Snoop Dog thanked Snoop Dog.

Snoop Dog took recently some heat for his Hollywood Walk of Fame acceptance speech.

He thanked the Walk of Fame committee, his collaborators and mentors, his family and friends, his competitors, and his fans.

Then he thanked himself.

“I want to thank me,” he said. He thanked himself for believing in himself, for working tirelessly, for never quitting, for trying to do more right than wrong, and for always being himself.

Some folks didn’t like that part of his speech. Thanking yourself struck some people as a little too self-congratulatory. Perhaps a little arrogant.

But I loved it. I get it.

Sometimes I look back on parts of my life and don’t know how I did it.

I put myself through college while managing a McDonald’s restaurant full time and working part-time in the college’s writing center. I was Treasurer of the Student Senate, President of the National Honor Society, and a columnist for the school paper. I was an Academic All-American and won the statewide college debate competition two years in a row.

I attended two colleges simultaneously (including an all-woman’s college) and earned two separate degrees.

And I launched my DJ company at the same time.

I have no idea how I did it.

And I don’t think I could do it again. I don’t think the current version of myself would have a shot in hell of surviving those five years and accomplishing so much.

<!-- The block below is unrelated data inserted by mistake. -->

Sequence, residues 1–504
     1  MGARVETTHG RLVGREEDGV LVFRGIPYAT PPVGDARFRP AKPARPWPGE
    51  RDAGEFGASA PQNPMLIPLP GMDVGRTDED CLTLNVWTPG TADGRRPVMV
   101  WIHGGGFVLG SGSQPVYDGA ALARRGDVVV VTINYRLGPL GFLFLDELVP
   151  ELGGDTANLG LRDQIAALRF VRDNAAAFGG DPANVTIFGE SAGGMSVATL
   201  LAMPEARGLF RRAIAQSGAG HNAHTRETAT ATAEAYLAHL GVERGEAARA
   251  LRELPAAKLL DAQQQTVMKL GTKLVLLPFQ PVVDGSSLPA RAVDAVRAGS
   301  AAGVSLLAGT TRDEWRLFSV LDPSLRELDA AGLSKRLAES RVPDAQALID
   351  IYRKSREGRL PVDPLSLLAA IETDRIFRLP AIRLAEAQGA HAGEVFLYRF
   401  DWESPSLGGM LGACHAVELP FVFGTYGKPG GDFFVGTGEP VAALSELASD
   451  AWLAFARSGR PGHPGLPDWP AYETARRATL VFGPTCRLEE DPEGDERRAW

So I often look back at that time in my life and feel enormous gratitude for the younger version of me who somehow accomplished things that the current version of me could not dream of doing. It almost seems like another person did those things. Someone far more capable than I could ever dream of being. I’m eternally thankful for that younger version of myself for pushing aside all the distractions and temptations and doing the work required to make today possible.

I think that’s how Snoop Dog felt. He was thankful for that former version of himself for doing the things that might be impossible to imagine doing again today.

When you pull yourself up by your bootstraps, I think you earn the right to feel gratitude for that former version of you who made today possible. And if you’re fortunate enough to have earned a star on the Hollywood Walk of Fame, you have every right to stand on that sidewalk and thank yourself.

To hell with anyone who might be offended. They won’t ever understand the hard work, dedication, and sacrifice that was required to earn that star.